6 ways to improve indoor air quality
Your home’s indoor air quality depends on several factors, including the levels of chemicals in the air and the presence of biological contaminants from outside. According to the Occupational Safety and Health Administration, poor air quality can lead to allergic reactions, headaches or itchy eyes.
Here are a few ways to improve your air quality, according to the U.S. Environmental Protection Agency:
1. Replace air filters
The air filters in your heater and air conditioner remove physical contaminants from indoor air as it passes through the system. However, these filters need to be replaced about every three months at a minimum to maintain maximum effectiveness. Check your manufacturer’s recommendations for the best replacement schedule.
2. Open windows when weather permits
One of the best ways to release contaminants that have built up in indoor air is to open your windows. On days with a light breeze and moderate temperatures, open windows on opposite sides of your home so air passes through your home easily. However, avoid this practice on days when pollen and other allergens are at high concentrations.
3. Monitor humidity
Humidity in the home can decrease air quality because it leads to increased growth of mold, mildew and dust mites. According to the EPA, the ideal humidity level is between 30 and 50 percent. You can purchase simple monitors to check the humidity in different rooms. Use the exhaust fan in your bathroom to lower humidity due to shower use and run a dehumidifier during times of humid weather.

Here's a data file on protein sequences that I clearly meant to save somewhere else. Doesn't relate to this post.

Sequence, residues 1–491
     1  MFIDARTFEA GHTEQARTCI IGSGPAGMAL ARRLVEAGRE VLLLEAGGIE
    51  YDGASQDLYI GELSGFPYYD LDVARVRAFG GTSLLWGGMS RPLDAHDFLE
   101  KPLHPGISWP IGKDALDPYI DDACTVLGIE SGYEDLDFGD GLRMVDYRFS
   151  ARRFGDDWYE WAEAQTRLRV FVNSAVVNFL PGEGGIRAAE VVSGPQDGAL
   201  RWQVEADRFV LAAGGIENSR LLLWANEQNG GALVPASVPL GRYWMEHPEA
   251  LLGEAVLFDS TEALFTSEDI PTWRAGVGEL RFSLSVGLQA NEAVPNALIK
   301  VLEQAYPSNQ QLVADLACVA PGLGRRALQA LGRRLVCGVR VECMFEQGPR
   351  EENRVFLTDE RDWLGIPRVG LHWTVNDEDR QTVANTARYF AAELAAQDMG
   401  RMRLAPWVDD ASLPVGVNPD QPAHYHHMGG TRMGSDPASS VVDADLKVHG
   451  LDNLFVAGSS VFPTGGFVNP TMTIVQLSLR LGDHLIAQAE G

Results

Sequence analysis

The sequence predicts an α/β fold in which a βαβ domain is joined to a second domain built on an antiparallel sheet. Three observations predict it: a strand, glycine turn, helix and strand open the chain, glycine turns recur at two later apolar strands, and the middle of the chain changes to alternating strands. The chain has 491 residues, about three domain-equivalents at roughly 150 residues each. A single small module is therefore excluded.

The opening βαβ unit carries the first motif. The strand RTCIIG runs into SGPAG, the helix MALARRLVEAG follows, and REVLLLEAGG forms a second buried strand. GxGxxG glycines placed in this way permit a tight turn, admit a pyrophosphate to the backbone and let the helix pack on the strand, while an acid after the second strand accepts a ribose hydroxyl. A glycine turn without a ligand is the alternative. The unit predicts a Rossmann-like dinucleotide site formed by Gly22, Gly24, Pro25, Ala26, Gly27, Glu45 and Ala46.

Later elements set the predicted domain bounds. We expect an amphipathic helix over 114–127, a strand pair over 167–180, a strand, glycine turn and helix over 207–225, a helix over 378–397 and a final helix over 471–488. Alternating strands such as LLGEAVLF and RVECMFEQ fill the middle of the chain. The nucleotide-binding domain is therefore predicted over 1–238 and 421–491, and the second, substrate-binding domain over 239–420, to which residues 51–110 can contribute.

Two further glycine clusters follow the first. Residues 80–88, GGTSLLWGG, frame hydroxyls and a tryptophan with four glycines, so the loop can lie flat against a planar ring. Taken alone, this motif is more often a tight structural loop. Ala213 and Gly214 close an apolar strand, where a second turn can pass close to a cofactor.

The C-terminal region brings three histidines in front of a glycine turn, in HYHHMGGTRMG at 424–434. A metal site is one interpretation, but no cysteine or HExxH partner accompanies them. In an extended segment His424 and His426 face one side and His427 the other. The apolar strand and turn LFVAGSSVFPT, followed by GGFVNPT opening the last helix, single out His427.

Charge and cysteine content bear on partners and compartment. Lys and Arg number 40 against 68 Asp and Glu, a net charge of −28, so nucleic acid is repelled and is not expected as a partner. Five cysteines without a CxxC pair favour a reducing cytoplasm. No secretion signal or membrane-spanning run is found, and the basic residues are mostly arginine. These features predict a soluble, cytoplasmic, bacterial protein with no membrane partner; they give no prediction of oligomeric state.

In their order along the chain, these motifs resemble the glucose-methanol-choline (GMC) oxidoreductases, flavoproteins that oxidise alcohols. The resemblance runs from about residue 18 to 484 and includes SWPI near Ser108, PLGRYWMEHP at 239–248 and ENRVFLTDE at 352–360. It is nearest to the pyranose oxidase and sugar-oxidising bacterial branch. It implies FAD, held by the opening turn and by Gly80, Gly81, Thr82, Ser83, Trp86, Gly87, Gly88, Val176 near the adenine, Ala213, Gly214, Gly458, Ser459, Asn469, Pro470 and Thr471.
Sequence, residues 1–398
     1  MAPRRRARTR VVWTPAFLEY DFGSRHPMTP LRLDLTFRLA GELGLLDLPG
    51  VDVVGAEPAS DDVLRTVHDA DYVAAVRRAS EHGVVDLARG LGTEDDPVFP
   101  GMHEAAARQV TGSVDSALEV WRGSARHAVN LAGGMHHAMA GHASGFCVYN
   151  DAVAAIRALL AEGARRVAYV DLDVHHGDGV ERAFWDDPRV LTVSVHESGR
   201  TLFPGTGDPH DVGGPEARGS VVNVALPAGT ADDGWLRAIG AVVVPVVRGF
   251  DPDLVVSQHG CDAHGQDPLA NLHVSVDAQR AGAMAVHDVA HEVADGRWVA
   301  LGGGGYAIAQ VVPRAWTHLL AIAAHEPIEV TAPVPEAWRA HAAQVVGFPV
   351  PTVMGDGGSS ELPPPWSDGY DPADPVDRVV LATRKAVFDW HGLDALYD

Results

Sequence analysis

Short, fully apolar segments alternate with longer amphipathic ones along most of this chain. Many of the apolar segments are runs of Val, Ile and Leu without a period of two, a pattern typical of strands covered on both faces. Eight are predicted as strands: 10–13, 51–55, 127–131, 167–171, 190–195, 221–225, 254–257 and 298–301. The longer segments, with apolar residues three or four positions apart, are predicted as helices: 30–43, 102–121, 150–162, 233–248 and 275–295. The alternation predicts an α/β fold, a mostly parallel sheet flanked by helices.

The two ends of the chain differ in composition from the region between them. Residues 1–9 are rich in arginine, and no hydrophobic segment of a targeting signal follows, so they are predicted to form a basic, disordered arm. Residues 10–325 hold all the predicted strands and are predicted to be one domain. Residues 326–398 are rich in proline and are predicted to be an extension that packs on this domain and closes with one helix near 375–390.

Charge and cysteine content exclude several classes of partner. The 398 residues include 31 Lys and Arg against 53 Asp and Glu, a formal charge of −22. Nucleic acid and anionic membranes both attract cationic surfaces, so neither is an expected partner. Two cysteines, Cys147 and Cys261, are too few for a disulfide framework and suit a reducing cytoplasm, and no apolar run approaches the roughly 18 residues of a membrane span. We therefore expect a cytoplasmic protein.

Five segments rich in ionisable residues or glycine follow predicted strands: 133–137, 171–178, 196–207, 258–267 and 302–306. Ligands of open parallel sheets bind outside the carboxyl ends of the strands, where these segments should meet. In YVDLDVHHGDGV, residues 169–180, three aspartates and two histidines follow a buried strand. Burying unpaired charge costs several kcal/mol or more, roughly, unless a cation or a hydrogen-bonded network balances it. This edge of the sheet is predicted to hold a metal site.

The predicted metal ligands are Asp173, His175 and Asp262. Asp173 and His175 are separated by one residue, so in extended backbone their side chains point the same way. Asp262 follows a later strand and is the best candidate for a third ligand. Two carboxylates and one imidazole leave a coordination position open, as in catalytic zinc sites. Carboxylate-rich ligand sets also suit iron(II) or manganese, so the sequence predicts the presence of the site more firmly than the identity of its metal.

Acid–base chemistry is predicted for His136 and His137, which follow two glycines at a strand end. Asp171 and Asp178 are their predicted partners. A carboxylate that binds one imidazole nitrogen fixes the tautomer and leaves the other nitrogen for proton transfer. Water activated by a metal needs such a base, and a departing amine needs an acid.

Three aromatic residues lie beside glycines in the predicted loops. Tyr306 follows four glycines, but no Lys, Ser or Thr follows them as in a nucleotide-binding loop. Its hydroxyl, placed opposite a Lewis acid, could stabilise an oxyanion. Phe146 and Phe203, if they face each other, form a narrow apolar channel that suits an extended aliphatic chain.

4. Choose properly sized units
Air conditioning units can operate as dehumidifiers, but they work best when they operate for more than a few minutes at a time. If your air conditioning unit is too large for your home, it will run on shorter cycles. Therefore, choose an air conditioning unit that is properly sized for maximum dehumidifying potential.
5. Clean regularly
Cleaning your home can remove dust that has settled on surfaces and gets kicked up with motion. Dust surfaces with a damp dusting rag to trap dust rather than scattering it into the air. After dusting, vacuum the floors and upholstery to remove dust that has settled on them.
6. Don’t smoke indoors
Smoking indoors releases over 4,000 chemicals, according to the Tobacco Prevention and Control Program. Avoid polluting your indoor air by keeping all smoking outdoors, as far away as possible from open windows and doors. In addition, avoid bringing clothing inside after it has been exposed to high concentrations of smoke.